In the first round, all of the Eastern series went to the higher-seeded team. In the Western Conference, however, the opposite was the case, and every series went to the lower seed. In the semi-finals, the first-seeded Ottawa Senators were upset by the Buffalo Sabres, while in the Western Conference, the eighth-seeded Edmonton Oilers defeated the fifth seeded San Jose Sharks. The East's second seed, the Carolina Hurricanes, advanced to the Conference Final and defeated Buffalo in a seven-game series. The sixth-seeded Mighty Ducks of Anaheim defeated the Colorado Avalanche to advance to the Western Conference Final. Edmonton continued its Cinderella story by defeating Anaheim in five games, while Carolina advanced to the final with a seven-game series win over Buffalo.

Stanley Cup Final

The 2006 Stanley Cup Final was contested between the Eastern Conference champion Carolina Hurricanes and the Western Conference champion Edmonton Oilers. It was Carolina's second appearance in the Final, the other being in 2002, a loss to the Detroit Red Wings. It was Edmonton's seventh appearance in the Final and their first since their fifth Cup win in 1990. Carolina defeated Edmonton in seven games to win the franchise's first Stanley Cup, becoming the tenth post-1967 expansion team and third former World Hockey Association (WHA) franchise to win the Cup.

Carolina vs. Edmonton
June 5Edmonton 45 Carolina
June 7Edmonton 05 Carolina
June 10Carolina 12 Edmonton
June 12Carolina 21 Edmonton
June 14Edmonton 43 CarolinaOT
June 17Carolina 04 Edmonton
June 19Edmonton 13 Carolina
Carolina wins series 4–3 and Stanley Cup
Cam Ward (Carolina) wins Conn Smythe Trophy

Playoff bracket

Conference QuarterfinalsConference SemifinalsConference FinalsStanley Cup Finals
8Tampa Bay14Buffalo4
2Carolina4Eastern Conference
3New Jersey4
6NY Rangers0
5Philadelphia23New Jersey1
(Pairings are re-seeded after the first round.)
8Edmonton45San Jose2
6Anaheim4Western Conference
5San Jose46Anaheim4
  • During the first three rounds home ice is determined by seeding number, not position on the bracket. In the Finals the team with the better regular season record has home ice.


2005-2006 NHL awards
Stanley Cup:Carolina Hurricanes
Presidents' Trophy:Detroit Red Wings
Prince of Wales Trophy:Carolina Hurricanes
Clarence S. Campbell Bowl:Edmonton Oilers
Art Ross Trophy:Joe Thornton, San Jose Sharks/Boston Bruins
Bill Masterton Memorial Trophy:Teemu Selanne, Mighty Ducks of Anaheim
Calder Memorial Trophy:Alexander Ovechkin, Washington Capitals
Conn Smythe Trophy:Cam Ward, Carolina Hurricanes
Frank J. Selke Trophy:Rod Brind'Amour, Carolina Hurricanes
Hart Memorial Trophy:Joe Thornton, San Jose Sharks/Boston Bruins
Jack Adams Award:Lindy Ruff, Buffalo Sabres
James Norris Memorial Trophy:Nicklas Lidstrom, Detroit Red Wings
King Clancy Memorial Trophy:Olaf Kolzig, Washington Capitals
Lady Byng Memorial Trophy:Pavel Datsyuk, Detroit Red Wings
Lester B. Pearson Award:Jaromir Jagr, New York Rangers
Maurice "Rocket" Richard Trophy:Jonathan Cheechoo, San Jose Sharks
NHL Plus/Minus Award:Wade Redden, Ottawa Senators;
Michal Rozsival, New York Rangers
Roger Crozier Saving Grace Award:Cristobal Huet, Montreal Canadiens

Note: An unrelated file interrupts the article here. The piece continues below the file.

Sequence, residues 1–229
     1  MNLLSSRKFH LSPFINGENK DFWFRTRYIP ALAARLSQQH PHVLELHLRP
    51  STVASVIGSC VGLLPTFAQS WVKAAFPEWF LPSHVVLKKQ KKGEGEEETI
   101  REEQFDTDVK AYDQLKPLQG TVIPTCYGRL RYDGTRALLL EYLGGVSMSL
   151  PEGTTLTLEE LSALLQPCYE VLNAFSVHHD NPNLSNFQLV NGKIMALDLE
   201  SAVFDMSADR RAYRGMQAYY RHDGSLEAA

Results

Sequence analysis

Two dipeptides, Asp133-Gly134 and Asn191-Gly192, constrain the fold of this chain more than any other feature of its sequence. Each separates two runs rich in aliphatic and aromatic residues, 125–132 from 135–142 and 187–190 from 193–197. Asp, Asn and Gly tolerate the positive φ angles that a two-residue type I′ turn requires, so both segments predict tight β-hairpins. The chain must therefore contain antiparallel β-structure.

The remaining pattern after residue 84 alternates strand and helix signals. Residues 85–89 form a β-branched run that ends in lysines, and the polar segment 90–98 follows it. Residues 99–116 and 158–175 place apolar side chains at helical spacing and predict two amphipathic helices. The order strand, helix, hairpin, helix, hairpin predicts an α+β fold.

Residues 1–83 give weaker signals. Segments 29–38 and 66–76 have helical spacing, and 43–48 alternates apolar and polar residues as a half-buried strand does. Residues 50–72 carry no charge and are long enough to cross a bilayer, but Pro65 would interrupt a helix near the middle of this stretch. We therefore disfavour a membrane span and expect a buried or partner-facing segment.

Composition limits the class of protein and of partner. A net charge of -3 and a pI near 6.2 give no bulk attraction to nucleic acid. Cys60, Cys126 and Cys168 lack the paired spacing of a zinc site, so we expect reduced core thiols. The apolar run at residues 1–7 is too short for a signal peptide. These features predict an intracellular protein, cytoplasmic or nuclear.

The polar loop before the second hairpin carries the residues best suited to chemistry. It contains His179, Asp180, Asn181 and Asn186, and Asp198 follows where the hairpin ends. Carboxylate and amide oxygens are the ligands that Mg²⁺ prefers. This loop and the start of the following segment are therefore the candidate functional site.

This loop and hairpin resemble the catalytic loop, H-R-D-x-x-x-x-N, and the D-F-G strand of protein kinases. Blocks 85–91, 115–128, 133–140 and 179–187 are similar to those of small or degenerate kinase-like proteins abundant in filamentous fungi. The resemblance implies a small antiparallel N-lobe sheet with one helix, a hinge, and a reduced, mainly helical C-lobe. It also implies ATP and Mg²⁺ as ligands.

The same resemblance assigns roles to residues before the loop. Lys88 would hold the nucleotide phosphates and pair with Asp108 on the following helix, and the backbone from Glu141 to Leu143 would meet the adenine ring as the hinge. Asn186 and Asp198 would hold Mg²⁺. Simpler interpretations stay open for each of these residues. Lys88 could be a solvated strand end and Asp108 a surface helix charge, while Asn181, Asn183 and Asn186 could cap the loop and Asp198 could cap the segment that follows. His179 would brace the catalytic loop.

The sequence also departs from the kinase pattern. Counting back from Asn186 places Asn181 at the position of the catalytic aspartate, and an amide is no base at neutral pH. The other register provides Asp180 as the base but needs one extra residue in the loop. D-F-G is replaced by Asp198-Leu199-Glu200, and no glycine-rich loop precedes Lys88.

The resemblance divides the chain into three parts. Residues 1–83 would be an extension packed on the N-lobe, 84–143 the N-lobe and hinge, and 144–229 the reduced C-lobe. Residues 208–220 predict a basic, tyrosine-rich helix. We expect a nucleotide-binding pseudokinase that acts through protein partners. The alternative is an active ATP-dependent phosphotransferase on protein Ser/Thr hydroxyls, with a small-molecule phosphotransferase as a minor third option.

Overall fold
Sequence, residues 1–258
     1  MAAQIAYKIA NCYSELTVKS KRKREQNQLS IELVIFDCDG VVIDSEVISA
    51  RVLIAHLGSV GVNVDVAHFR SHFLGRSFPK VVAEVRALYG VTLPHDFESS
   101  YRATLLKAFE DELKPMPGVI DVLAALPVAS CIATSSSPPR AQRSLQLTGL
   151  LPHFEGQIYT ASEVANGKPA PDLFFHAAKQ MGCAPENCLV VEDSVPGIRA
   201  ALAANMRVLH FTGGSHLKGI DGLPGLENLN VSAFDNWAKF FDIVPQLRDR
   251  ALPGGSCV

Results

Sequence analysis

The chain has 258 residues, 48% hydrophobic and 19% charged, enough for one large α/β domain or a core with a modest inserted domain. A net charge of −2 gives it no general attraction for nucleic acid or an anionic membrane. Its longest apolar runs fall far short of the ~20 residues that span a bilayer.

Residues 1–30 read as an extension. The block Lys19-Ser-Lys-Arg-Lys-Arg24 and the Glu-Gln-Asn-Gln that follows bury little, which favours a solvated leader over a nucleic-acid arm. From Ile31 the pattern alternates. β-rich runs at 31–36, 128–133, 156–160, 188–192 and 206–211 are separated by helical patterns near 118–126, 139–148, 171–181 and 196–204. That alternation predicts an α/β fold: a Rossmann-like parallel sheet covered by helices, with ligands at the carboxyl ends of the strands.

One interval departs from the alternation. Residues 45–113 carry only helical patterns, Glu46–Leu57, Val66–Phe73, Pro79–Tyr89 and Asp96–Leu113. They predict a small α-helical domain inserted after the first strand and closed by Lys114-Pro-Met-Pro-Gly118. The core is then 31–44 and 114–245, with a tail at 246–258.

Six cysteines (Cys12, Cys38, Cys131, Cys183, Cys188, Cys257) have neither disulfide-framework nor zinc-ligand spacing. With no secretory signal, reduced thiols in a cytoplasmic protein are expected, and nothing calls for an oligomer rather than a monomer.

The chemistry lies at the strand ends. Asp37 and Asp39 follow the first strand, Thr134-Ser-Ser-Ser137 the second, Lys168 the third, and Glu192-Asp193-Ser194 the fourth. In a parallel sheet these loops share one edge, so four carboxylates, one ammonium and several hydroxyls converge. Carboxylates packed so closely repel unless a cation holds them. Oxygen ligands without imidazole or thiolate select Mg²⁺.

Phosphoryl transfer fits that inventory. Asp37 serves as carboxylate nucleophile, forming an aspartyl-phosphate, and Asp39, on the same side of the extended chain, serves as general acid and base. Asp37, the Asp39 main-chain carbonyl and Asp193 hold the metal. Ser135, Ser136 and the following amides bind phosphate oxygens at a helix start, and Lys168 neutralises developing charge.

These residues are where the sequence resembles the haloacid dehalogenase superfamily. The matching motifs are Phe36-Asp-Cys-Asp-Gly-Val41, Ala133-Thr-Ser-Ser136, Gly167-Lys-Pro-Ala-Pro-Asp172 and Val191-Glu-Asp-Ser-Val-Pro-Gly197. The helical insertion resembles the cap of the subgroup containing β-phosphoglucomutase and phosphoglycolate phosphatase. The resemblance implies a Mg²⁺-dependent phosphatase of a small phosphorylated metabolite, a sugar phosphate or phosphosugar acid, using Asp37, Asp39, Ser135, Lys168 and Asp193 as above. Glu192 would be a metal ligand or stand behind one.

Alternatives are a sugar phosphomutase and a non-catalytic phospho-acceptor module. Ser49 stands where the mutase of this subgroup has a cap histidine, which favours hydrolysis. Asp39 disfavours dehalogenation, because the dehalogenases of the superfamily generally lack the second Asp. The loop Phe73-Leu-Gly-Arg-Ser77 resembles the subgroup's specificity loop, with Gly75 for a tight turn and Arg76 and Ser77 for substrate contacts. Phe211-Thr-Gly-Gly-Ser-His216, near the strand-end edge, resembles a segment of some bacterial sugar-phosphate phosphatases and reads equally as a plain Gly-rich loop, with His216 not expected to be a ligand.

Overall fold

Vezina Trophy:Miikka Kiprusoff, Calgary Flames
William M. Jennings Trophy:Miikka Kiprusoff, Calgary Flames
Lester Patrick Trophy:Red Berenson, Marcel Dionne, Reed Larson, Glen Sonmor, Steve Yzerman

All-Star teams

First Team  Position  Second Team
Miikka Kiprusoff, Calgary FlamesGMartin Brodeur, New Jersey Devils
Nicklas Lidstrom, Detroit Red WingsDZdeno Chara, Ottawa Senators
Scott Niedermayer, Mighty Ducks of AnaheimDSergei Zubov, Dallas Stars
Joe Thornton, Boston/San JoseCEric Staal, Carolina Hurricanes
Jaromir Jagr, New York RangersRWDaniel Alfredsson, Ottawa Senators
Alexander Ovechkin, Washington CapitalsLWDany Heatley, Ottawa Senators

Player statistics

Scoring leaders

Note: GP = Games played; G = Goals; A = Assists; Pts = Points; +/- = Plus/Minus; PIM = Penalty Minutes

Joe ThorntonBoston Bruins/San Jose Sharks812996125+3161
Jaromir JagrNew York Rangers825469123+3472
Alexander OvechkinWashington Capitals815254106+252
Dany HeatleyOttawa Senators825053103+2986
Daniel AlfredssonOttawa Senators774360103+2950
Sidney CrosbyPittsburgh Penguins813963102-1110
Eric StaalCarolina Hurricanes824555100-881
Ilya KovalchukAtlanta Thrashers78524698-668
Marc SavardAtlanta Thrashers82286997+7100
Jonathan CheechooSan Jose Sharks82563793+2325

Source: NHL.[14]

Leading goaltenders

Minimum 1,000 minutes played.

Note: GP = Games Played; Min = Minutes played; W = Wins; L = Losses; OT = Overtime/Shootout Losses; GA = Goals Against; SO = Shutouts; Sv% = Save Percentage; GAA = Goals Against Average

Miikka KiprusoffCalgary Flames744379:4042201115110.9232.07
Dominik HasekOttawa Senators432583:5828104905.9252.09
Manny LegaceDetroit Red Wings512905:0937831067.9152.19
Cristobal HuetMontreal Canadiens362102:5918114777.9292.20
Henrik LundqvistNew York Rangers533111:53301291162.9222.24
Manny FernandezMinnesota Wild583411:14301871301.9192.29
Ilya BryzgalovMighty Ducks of Anaheim311575:1313121661.9102.51
Marty TurcoDallas Stars683910:12411951663.8982.55
Vesa ToskalaSan Jose Sharks372039:132374872.9012.56
Martin BrodeurNew Jersey Devils734364:35432371875.9112.57


Eastern Conference

  • Atlanta Thrashers: Bob Hartley

  • Boston Bruins: Mike Sullivan

  • Buffalo Sabres: Lindy Ruff

  • Carolina Hurricanes: Peter Laviolette

  • Florida Panthers: Jacques Martin

  • Montreal Canadiens: Claude Julien and Bob Gainey

  • New Jersey Devils: Larry Robinson, Lou Lamoriello and Claude Julien